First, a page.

By Beth Kemler
Picture this. You tell your mechanic that your car needs a new steering wheel. The car runs OK but this critical piece of equipment is broken. In turn, the mechanic hems and haws — a brand new steering wheel might be challenging to find. So you offer him a bonus — you’ll pay triple his normal rate to find the wheel you want. You sign the contract with the bonus included and shake hands. A week later, you come back and pay your bill only to discover that, instead of installing a new steering wheel, he slapped a new coat of paint on your old one. Turns out the contract you signed said that any part with paint applied in the current year counts as “new.”
Virginians face a similar quandary when it comes to the state’s electric utilities and renewable energy.
Back in 2007, the General Assembly made a deal with Dominion Virginia Power and other electricity suppliers in the state. Lawmakers laid out a reward for bringing renewable energy online. While many states require their utilities to invest in wind and solar power, we told ours that we would offer them a bonus for meeting renewable energy goals. If the utilities invested in modest amounts of clean energy, they would get a profit reward through Virginians’ electricity rates. Meeting these goals would help to lower air pollution and reduce emissions of planet-heating gases, while creating good jobs for Virginians.
Last year, the companies were awarded prize money under the program. Between 2011 and 2013, Virginia ratepayers will hand over approximately $76 million to Dominion Virginia Power alone. But those investments in clean, renewable energy? Those new jobs? That cleaner air? Not happening.
The problem lies with the fine print in the contract Virginia legislators signed on our behalf — a law called the Renewable Portfolio Standard that lays out what utilities must do to earn these big bonuses. Hint: They don’t have to do much. Turns out Dominion can, with no sleight of hand, pocket a huge reward by taking credit for energy from power sources that would have been online anyway.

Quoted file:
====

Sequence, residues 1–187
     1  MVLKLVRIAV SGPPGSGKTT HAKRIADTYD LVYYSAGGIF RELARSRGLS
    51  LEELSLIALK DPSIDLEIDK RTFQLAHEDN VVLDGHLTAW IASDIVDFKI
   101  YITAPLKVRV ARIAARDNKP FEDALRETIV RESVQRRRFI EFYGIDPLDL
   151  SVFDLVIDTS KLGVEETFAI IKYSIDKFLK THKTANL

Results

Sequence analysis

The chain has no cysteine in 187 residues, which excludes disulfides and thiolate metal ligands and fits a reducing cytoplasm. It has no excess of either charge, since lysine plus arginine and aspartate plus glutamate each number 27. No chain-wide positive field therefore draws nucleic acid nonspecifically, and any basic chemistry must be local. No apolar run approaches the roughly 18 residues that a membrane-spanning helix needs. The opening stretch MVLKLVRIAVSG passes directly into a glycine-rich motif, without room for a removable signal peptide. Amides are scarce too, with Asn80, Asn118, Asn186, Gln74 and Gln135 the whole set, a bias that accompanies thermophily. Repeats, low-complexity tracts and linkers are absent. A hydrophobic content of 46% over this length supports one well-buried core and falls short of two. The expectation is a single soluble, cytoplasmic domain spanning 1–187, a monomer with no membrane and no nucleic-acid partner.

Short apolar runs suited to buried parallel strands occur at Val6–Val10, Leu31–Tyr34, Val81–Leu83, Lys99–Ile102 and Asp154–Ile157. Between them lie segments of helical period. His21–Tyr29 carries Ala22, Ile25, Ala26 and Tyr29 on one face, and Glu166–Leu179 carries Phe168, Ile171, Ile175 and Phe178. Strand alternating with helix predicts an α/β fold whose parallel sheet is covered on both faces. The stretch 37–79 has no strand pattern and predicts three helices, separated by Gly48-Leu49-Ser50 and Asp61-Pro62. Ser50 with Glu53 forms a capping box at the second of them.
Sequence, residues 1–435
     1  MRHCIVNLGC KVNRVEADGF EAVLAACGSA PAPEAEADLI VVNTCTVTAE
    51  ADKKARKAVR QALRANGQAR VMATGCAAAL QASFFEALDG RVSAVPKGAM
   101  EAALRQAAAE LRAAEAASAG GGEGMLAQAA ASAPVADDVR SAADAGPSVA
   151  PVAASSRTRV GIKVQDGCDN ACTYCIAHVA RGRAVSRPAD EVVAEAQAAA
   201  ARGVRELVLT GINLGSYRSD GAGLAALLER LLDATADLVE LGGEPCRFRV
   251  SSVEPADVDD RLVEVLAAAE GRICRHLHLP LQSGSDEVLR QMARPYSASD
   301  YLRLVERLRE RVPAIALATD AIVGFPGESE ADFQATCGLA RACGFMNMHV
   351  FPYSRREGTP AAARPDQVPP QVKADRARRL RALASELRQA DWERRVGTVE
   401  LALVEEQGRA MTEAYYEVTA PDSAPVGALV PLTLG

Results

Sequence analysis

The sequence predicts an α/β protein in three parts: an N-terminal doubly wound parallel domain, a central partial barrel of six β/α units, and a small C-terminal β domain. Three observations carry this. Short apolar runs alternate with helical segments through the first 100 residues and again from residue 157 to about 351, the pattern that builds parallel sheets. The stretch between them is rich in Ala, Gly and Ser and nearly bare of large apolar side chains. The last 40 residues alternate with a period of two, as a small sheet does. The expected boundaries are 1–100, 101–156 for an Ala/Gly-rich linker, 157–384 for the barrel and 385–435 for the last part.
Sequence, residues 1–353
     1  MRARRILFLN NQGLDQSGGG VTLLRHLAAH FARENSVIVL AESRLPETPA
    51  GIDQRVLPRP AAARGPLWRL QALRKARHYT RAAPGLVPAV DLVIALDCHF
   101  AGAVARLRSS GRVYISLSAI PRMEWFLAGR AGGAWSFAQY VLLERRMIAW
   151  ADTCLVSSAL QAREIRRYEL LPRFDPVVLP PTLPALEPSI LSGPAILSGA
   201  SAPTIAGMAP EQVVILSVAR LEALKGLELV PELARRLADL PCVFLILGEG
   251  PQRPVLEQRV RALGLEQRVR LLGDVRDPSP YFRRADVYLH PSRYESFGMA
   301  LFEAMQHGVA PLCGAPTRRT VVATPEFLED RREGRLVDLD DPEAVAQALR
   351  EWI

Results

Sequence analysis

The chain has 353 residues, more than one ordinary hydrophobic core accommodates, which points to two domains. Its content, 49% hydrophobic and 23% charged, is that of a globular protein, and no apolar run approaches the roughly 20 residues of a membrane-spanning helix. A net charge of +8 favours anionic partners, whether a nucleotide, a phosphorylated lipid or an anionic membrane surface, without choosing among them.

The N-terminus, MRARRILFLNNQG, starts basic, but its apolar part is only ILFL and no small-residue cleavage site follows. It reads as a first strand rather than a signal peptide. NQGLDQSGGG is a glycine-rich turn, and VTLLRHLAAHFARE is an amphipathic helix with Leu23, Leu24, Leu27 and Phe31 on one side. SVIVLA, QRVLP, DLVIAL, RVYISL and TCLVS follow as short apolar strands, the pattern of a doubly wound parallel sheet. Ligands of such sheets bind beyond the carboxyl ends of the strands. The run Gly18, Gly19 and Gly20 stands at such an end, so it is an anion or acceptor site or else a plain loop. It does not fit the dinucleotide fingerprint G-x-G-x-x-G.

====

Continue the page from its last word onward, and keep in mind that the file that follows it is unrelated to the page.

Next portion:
If no prize were offered, the trash-burning plant in Alexandria would still be generating power, as it has since 1987. If no prize were offered, Dominion’s dam in Thelma, N.C., would still be generating power, as it has since 1963. If no prize were offered, the company’s Cushaw dam would still be generating power, as it has since 1930.
But Dominion fills out some paperwork — the equivalent of the mechanic’s fresh coat of paint — and claims a big prize for what we already had. We’ve had the Cushaw dam for more than 80 years. It’s been churning out power since Herbert Hoover was president. When the dam began operating in January 1930, televisions were just being invented, as were masking tape and the Twinkie.
Is this the type of clean, modern technology our elected officials had in mind when they offered the reward? Not likely.
When our legislators created this law, shaking hands with Dominion on our behalf, I would guess that they envisioned wind farms and solar panels popping up all over the commonwealth — and the jobs that these new investments would create for Virginians. But since the devil is in the details, Dominion can meet the requirements of the law while doing nothing to actually earn the bonus. In fact, every single facility Dominion counted to get the bonus was built before the law was passed in 2007 — business as usual. Following the rules it helped to write, Dominion just pats itself on the back and heads for the bank and its shareholders — with our money.
This $76 million rip-off isn’t going unnoticed, and Virginians are beginning to protest. They bring a wholly reasonable request: Earn your bonus. Invest in Virginia-made clean wind and solar energy.
In January, the Virginia General Assembly can vote to stop the corporate handout for old and out-of-state energy. We need to fix this law to require only in-state renewable energy sources with key benchmarks for wind and solar power. It’s time Dominion and others actually earned their “green” bonuses.
Beth Kemler is the Virginia state director at the Chesapeake Climate Action Network.